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Ask Dr. Michael Salkin Your Own Question
Dr. Michael Salkin
Dr. Michael Salkin, Veterinarian
Category: Bird
Satisfied Customers: 30335
Experience:  University of California at Davis graduate veterinarian with 45 years of experience
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3 of my hens have bumblefoot. No avian vet around here.

Customer Question

3 of my hens have bumblefoot. No avian vet around here. Advise on how to treat and alleviate pain.
Submitted: 1 year ago.
Category: Bird
Expert:  Dr. Michael Salkin replied 1 year ago.

I'm sorry that your question wasn't answered in a timely manner. We don't have many avian vets on this site. You've asked a simple and straightforward question but the answer is far from simple or straightforward. Pododermatitis (bumblefoot) has many causes including excess weight bearing from obesity or unequal weight bearing between the two feet as a result of lameness of one foot, causing less weight to be placed on that foot and more on the contralateral foot, or from abnormal abrasions of the plantar surface from inappropriate substrate (too sharp or rough, wire, etc.), decreased blood supply to the foot (sometimes from lack of exercise), trauma (an important etiology), or standing for prolonged periods.

Pododermatitis is divided into varying grades depending on the literature source used but generally includes mild, moderate, and severe grades with the severe grades including osteomyelitis (bone infection). An avian vet will obtain a thorough history including environment and substrate. A thorough physical exam is necessary to determine if any other factors are present that may be contributing to or causing the pododermatitis. X-rays are performed to determine if osteomyelitis is present. I understand your logistical constraints, however, concerning the availability of an avian vet.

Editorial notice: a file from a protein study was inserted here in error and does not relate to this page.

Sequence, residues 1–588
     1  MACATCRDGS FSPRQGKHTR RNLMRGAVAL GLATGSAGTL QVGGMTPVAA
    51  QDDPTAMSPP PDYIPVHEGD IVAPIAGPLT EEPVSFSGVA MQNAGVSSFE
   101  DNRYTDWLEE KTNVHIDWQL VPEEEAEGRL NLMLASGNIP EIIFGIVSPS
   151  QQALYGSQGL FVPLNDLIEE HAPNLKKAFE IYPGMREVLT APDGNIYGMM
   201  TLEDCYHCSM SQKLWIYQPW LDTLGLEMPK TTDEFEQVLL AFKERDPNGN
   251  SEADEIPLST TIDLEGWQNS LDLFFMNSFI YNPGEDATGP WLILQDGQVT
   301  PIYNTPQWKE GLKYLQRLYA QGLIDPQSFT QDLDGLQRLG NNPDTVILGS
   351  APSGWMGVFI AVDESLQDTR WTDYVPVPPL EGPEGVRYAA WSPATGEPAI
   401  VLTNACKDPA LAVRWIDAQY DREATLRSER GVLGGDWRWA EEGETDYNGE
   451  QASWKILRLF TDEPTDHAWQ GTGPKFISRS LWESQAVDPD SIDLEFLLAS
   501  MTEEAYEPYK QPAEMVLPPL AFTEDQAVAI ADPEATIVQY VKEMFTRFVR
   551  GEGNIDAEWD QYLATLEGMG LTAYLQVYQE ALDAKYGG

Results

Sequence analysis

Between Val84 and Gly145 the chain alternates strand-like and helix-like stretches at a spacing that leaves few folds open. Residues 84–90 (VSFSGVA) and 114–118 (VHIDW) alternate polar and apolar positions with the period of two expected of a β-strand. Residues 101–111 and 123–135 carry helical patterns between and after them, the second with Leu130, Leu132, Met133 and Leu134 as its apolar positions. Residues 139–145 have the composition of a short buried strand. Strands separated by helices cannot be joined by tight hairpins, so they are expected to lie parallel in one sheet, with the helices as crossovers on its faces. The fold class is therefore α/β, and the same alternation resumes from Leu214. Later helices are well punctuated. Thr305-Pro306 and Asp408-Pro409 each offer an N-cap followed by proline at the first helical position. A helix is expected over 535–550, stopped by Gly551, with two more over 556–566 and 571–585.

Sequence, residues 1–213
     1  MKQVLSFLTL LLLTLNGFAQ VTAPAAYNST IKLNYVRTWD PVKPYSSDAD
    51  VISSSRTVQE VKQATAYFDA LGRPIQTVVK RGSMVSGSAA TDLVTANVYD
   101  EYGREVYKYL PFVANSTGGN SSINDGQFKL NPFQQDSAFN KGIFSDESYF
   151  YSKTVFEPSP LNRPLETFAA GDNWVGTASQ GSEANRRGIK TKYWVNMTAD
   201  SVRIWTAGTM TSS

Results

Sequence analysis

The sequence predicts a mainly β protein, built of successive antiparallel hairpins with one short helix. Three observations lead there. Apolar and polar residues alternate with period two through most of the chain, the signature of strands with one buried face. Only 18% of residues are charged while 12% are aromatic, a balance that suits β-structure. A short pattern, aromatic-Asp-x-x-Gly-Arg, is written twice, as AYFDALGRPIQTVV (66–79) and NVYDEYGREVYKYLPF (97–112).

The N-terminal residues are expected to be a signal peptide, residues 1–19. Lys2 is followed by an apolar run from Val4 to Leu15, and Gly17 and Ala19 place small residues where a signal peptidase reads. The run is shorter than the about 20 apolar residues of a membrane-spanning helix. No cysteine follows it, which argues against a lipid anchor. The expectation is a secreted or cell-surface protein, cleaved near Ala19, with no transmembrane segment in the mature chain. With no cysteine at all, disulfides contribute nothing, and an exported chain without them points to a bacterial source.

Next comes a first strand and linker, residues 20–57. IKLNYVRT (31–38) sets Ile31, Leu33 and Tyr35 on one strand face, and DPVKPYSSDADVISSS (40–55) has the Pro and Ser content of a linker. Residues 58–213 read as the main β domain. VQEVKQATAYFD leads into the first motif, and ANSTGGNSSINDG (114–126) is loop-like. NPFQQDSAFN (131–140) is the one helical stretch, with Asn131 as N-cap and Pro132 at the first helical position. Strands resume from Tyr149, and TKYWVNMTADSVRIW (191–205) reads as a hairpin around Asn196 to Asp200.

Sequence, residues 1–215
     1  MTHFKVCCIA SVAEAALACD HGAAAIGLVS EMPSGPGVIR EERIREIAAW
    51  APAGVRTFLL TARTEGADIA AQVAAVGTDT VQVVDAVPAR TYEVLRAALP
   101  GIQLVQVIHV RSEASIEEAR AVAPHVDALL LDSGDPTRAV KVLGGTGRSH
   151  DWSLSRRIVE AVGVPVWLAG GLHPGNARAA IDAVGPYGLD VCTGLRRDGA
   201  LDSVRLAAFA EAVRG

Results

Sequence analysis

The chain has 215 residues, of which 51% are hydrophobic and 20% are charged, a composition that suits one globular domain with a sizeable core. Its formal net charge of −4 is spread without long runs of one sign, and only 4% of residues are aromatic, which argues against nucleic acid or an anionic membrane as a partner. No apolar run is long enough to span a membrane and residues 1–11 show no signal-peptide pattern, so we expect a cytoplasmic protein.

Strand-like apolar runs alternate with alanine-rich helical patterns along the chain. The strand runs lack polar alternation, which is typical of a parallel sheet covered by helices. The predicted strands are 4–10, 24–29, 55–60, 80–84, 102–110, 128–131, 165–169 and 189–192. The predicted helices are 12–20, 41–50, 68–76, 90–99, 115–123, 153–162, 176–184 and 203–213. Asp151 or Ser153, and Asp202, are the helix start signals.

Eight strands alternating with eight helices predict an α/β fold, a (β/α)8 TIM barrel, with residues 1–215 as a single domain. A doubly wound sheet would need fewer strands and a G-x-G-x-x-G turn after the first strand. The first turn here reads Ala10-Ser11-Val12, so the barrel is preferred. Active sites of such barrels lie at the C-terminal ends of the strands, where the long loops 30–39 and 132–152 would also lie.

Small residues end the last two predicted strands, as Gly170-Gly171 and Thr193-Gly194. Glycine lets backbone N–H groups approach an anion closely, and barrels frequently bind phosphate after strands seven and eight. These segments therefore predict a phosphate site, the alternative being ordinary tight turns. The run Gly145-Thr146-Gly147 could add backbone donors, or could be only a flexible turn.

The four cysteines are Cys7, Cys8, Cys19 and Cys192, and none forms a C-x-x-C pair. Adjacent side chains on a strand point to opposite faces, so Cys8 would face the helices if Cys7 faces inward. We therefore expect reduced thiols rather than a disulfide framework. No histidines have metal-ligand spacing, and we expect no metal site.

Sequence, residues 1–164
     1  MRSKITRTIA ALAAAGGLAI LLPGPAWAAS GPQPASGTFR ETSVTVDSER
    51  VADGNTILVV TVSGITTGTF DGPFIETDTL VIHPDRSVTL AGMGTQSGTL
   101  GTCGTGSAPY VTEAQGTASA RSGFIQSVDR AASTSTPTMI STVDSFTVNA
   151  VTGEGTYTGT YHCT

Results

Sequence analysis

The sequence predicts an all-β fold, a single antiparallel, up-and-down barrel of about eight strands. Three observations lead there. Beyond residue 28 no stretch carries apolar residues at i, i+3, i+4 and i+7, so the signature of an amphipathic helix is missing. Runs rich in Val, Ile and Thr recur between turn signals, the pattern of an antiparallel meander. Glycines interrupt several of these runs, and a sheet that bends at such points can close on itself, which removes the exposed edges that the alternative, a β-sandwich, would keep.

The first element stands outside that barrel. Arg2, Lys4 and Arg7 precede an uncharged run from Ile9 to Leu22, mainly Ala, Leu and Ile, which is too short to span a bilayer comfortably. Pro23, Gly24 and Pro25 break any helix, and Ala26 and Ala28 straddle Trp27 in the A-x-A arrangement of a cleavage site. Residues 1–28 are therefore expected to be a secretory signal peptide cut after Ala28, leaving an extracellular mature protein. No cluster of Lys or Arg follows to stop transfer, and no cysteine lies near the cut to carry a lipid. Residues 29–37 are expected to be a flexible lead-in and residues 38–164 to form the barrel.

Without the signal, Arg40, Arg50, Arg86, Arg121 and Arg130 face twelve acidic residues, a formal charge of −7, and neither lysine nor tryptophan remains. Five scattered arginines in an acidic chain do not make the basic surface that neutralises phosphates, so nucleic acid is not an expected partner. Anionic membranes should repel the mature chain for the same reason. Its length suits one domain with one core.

For mild cases of pododermatitis, changing to a softer substrate, exercise to increase blood supply to the foot, soaking the affected foot in warm water, and the use of keratin softeners (petrolatum jelly, A & D ointment, e.g.) may be all that's needed. The foot can also be soaked in a dilute chlorhexadine or iodine solution which are available in your local feed store. If there's a break in the skin, then soaking in a solution called Tricide-Neo with an antibiotic can speed healing. Please see here:

If the tissues of the foot are severely swollen then surgery may be indicated to remove pus or a large callous but it must be performed under anesthesia with pain relievers administered. There's likely to be considerable hemorrhage from the surgical site. Treatment then can include systemic antibiotics (Duramycin-10, e.g.), wound management and bandaging. You'll find many websites demonstrating how surgery is performed. Unless you're a quite experienced surgeon, I can't recommend your attempting this kind of surgery. Conservative analgesia can be provided by dissolving a 5 grain (325 mg) aspirin in 1 pint of water and using this water as the sole water source.

Please respond with further questions or concerns if you wish.